In our rundown of 35 highly anticipated albums for the latter half of the year, I discussed this very album, which we knew virtually nothing about at the time. I noted the many similarities between The Walkmen and The National, from band makeup and location, to singer-swagger and career point. But where The National continue to rise to ever increasing heights, The Walkmen have spent their last three albums holding relevance like the precious gift that it is, with no real sign of going anywhere. And no, Lisbon, The Walkmen’s fifth full-length, is not High Violet. But, honestly, I’m not even sure High Violet is High Violet.
The two records do have something major in common. Namely, that they seem to be realizations of their respective bands’ directions and destinations, realizations that took multiple records to develop. In the case of The Walkmen, this journey began with A Hundred Miles Off, their only record that didn’t overwhelmingly win over fans and media alike, mostly because it saw a drastic shift in tone from their early work. Horns appeared more often, vocalist Hamilton Leithauser seemed to relax, and the tempo slowed down. And though none of these were bad things, it wasn’t until You & Me that the band was able to focus these new leanings and create a truly great atmospheric record. Which brings us to Lisbon, where we get the polish and shine of guys who know what they are doing and finally have the experience to put it all together.
From the jangly bounce of opener “Juveniles”, there is a change that is tough to put your finger on. It’s, well…happy. And though I can’t explain to you how the vintage musical instruments that the band is fond of using really sound compared to modern ones, I can tell you that this album finally attains the vintage quality they have always been searching for. The players all sound like they are standing in different rooms, where sometimes you are listening in with one band member (“Follow The Leader”, parts of “Torch Song”) and sometimes you are in a room apart, hearing the tunes from down the hall, a trip that might have taken decades.
This is all made possible by Leithauser’s ability to croon. While it is easy to imagine him as a Roy Orbison kind of singer (my friend John Wolfe likes to point out his constant shift back and forth from Bob Dylan to Rod Stewart), and though he has the voice to stop shows when he wants, Leithauser is mostly another instrument in the mix. This may be what keeps The Walkmen from playing arenas, but also keeps their older records in regular rotation years later. The ability to sound ambient should not be overrated.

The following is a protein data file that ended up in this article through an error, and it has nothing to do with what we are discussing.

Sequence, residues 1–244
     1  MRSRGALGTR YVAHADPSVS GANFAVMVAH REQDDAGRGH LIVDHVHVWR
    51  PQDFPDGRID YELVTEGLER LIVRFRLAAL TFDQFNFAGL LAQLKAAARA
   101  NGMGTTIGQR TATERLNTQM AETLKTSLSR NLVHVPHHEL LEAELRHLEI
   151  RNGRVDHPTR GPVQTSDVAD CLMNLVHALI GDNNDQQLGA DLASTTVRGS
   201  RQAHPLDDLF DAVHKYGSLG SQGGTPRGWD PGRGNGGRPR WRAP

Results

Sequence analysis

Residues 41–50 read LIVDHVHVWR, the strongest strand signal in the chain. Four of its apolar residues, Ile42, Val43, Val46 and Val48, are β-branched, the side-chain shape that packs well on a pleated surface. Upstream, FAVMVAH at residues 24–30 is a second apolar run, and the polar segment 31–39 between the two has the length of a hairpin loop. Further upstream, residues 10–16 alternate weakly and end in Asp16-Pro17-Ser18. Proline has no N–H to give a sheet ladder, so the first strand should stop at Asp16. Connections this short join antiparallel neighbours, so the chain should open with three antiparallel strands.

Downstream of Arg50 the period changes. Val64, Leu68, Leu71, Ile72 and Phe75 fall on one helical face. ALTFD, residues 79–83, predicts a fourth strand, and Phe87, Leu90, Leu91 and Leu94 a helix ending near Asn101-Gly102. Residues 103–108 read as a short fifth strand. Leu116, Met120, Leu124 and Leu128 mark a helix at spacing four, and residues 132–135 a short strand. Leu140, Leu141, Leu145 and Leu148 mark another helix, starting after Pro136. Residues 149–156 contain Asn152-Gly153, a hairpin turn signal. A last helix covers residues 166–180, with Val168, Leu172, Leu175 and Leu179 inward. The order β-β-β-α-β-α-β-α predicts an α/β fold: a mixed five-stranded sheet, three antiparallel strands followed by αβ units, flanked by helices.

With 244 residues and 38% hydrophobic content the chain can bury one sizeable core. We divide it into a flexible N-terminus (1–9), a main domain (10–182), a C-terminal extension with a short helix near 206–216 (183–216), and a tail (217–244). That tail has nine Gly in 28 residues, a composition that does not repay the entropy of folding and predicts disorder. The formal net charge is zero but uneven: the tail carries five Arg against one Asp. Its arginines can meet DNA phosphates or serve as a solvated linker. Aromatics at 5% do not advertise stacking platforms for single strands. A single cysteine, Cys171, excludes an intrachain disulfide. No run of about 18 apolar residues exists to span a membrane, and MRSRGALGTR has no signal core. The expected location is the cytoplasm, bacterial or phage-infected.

Lisbon will surprise fans in that it doesn’t contain the mixtape centerpiece as all their previous efforts have. “The Rat” and “In The New Year” were amazing first singles, but you know that there was no way the rest of the album could live up to the bar that had been raised. Lisbon takes a different approach, collecting eleven excellent songs and not allowing any to be the star. First single, “Stranded”, will not be blasted in car rides or at parties, but it is a profoundly affecting song that will transport you to scenes you have never actually experienced. A gas station on a lonely highway in 1950’s New Mexico. An empty bar where you spend your last dollar on a drink. No matter what you imagine, it will be just you, but it will be you on your way somewhere, because you’re not just stranded, you’re “stranded and starry-eyed”.
At the same time, the nostalgic vibe to Lisbon will probably be different for everyone. Sure, “Stranded” brought to mind the above imagery, but it also made me nostalgic for Christmas music that that my parents listen to. Hell, it even made me think of Three Amigos. Because the sound that Lisbon evokes might be 1000 years ago rather than just 50, there doesn’t need to be a logic to the feeling you get when you hear it. It is a rare album that is spare without being boring, allowing you the time to drift off into whatever memory or fantasy that it inspires, but never losing you to it.
Other perfect moments complete the collection: the titular yells in the chorus of “Victory” (possibly a theme song for Entourage‘s Johnny Drama?); when the full band kicks in and crescendos in “Blue as Your Blood”; the loveliness of the spotlight vocal moment that is “When I Shovel Snow”; and to top it all off, there are even a couple of up-tempo numbers. Though they also reach back to the early days of rock and roll at their core, “Angela Surf City” and “Woe Is Me” see the band finally changing gears when it seemed like that was a thing of the past.
And just when the album seems like it might have saved too many slow songs for the end (though they are all beautiful) you get the closer. Title-track “Lisbon” is deceptive as the band builds it to a mid-song climax and then kind of drift away, with each piece being removed from the puzzle individually until nothing remains. Even at the last note, there is much precision in the tunes of Lisbon, and though they are working within standards of melody and tone, they separate themselves in the surprises of each song. The rumor is that more than 30 tunes were recorded and these eleven were selected from them. Even in their editing, The Walkmen have become true professionals, finally comfortable in their own sound and now fine-tuned enough to create a masterpiece. Sure, it’s no High Violet. The Walkmen won’t ride this record’s reception and reviews to anything more than the moderate success they have maintained for nearly a decade. But, they have created something that will sound rich and meaningful outside of its time and place. And that might be better.